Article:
Front Page Titles (by Subject) 110.: WHATELY'S INTRODUCTORY LECTURES ON POLITICAL ECONOMY EXAMINER, 12 JUNE, 1831, P. 373 - The Collected Works of John Stuart Mill, Volume XXII - Newspaper Writings December 1822 - July 1831 Part I
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110.: WHATELY’S INTRODUCTORY LECTURES ON POLITICAL ECONOMY EXAMINER, 12 JUNE, 1831, P. 373 - John Stuart Mill, The Collected Works of John Stuart Mill, Volume XXII - Newspaper Writings December 1822 - July 1831 Part I 
The Collected Works of John Stuart Mill, Volume XXII - Newspaper Writings December 1822 - July 1831 Part I, ed. Ann P. Robson and John M. Robson, Introduction by Ann P. Robson and John M. Robson (Toronto: University of Toronto Press, London: Routledge and Kegan Paul, 1986).
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WHATELY’S INTRODUCTORY LECTURES ON POLITICAL ECONOMY
This is Mill’s first notice of an author he often referred to, Richard Whately (1787-1863), cleric and prolific writer on religion, philosophy, and political economy, who was Drummond Professor of Political Economy at Oxford from 1829 until he became Archbishop of Dublin from 1831 until his death. The review, which appears in the “Literary Examiner,” is headed “Introductory Lectures on Political Economy: being part of a Course delivered in Easter Term, 1831. By Richard Whately, D.D., Principal of St. Alban’s Hall, Professor of Political Economy in the University of Oxford. [London: Fellowes, 1831.] 7s.” It is described in Mill’s bibliography as “A review of Whately’s Introductory Lectures on Political Economy; in the Examiner of the same date [as No. 109]” (MacMinn, p. 16), and is similarly listed (without the “A”) and enclosed in square brackets in the Somerville College set.
by the statute relative to the Professorship of Political Economy endowed by Mr. Henry Drummond, it is prescribed, that the Professor shall hold his office only for five years; and that he shall annually publish at least one of his lectures.1 By virtue of the first provision, the late able and excellent Professor, Mr. Senior, has resigned the chair, and has been replaced by Dr. Whately; who now, in compliance with the second injunction of the founder, lays before the general public not one lecture merely, with which scanty measure he might have contented himself, but the first eight discourses, comprising the introductory division of his course.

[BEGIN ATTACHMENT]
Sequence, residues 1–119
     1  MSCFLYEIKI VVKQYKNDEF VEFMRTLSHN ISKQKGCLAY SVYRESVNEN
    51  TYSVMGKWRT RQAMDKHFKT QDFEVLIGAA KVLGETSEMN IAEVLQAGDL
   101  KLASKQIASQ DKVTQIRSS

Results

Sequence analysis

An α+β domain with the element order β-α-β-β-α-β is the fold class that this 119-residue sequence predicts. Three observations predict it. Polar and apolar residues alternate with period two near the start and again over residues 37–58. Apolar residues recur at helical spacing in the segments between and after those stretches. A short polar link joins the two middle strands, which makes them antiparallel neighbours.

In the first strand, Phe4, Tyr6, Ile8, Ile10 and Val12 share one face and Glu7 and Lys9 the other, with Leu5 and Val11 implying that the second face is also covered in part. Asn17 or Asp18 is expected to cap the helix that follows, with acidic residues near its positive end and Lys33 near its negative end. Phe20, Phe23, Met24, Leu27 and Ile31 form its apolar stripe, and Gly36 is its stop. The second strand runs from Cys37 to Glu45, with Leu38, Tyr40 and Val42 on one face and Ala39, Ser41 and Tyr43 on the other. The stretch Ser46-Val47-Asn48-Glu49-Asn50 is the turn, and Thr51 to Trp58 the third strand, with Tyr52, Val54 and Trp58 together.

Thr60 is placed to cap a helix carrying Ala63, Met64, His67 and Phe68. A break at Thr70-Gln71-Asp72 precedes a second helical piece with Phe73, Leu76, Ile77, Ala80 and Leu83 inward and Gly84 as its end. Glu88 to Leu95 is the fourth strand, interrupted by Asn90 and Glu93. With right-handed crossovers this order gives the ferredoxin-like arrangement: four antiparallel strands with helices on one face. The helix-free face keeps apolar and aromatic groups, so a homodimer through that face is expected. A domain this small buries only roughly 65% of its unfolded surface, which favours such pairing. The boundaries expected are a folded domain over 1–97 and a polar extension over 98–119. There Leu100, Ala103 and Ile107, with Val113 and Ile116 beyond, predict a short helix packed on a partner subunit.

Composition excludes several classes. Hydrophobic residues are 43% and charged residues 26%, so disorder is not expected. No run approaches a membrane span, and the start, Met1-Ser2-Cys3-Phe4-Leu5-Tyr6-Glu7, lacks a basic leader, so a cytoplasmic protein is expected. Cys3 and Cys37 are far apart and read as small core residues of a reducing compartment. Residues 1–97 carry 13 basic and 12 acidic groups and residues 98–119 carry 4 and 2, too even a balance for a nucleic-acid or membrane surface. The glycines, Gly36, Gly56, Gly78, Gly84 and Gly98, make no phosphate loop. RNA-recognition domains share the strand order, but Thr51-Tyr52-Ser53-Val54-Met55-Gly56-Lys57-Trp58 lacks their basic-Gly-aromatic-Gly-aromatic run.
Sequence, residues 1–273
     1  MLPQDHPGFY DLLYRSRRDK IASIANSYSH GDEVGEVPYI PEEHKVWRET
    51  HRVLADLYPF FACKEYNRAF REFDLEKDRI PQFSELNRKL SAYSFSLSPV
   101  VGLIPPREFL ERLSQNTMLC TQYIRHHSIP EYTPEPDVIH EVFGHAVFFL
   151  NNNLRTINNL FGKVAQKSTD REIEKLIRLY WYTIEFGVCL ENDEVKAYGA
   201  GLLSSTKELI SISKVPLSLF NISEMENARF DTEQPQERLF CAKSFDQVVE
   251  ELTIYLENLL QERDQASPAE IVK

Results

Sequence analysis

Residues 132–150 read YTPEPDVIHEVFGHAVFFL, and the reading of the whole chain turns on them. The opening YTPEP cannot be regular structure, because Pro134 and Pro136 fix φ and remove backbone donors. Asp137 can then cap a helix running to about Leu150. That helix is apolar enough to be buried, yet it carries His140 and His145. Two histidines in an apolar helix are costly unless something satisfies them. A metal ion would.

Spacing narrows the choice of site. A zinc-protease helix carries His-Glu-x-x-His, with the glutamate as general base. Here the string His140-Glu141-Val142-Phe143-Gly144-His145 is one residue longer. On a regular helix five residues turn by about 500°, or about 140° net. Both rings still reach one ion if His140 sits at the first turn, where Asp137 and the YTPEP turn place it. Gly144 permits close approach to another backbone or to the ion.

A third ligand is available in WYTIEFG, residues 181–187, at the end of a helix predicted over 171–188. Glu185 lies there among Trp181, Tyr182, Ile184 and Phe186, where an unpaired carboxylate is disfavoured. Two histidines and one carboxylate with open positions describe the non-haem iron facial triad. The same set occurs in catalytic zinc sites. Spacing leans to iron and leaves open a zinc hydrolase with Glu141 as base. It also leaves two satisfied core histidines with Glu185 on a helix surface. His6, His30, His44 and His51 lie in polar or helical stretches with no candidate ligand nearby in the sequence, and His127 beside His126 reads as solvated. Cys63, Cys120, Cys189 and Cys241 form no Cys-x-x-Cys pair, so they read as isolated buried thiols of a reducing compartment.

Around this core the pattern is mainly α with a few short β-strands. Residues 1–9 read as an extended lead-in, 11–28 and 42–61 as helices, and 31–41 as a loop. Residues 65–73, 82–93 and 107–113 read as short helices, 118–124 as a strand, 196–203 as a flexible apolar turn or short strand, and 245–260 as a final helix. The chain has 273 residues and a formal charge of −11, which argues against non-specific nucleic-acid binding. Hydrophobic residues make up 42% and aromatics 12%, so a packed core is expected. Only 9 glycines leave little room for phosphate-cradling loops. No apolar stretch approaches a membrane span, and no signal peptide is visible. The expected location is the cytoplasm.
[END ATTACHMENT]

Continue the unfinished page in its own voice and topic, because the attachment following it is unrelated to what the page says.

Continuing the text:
If the English Church, and its Universities, possessed many such members as Dr. Whately; or if the few whom it does possess, exercised the influence which such men might be expected to exercise, over the general spirit of the body; the prospects of the Church in this era of general reformation would be very different from what they are. And of this no one seems better aware than Dr. Whately himself. An author who writes in earnest, if he writes much, cannot help betraying, to an intelligent reader, the predominant feeling of his own mind. Now, in Dr. Whately, the predominant feeling evidently is a consciousness and regret, that nearly all the most important branches of useful knowledge are possessed, in the present age, by various other persons indeed, but not by that profession which is set apart and paid for the purpose, or under the pretext, of civilizing and cultivating the human mind. And he is deeply anxious that these persons, whose duty and vocation it is to teach, should be prevailed upon to learn; in order that they may be at least upon a level with those who are under no peculiar or professional obligation of possessing knowledge. To impress upon them, both the propriety and the prudence of thus bestirring themselves, is the purpose which, more than any other, his labours, as an author, always seem to have in view. And a highly laudable purpose it is: though it might have been somewhat less prominent, without any loss to the general reader, who has neither a rectory nor a fellowship to preserve, and who desires knowledge for its own sake, and not on the score that it has become indispensable to the safety of tithes.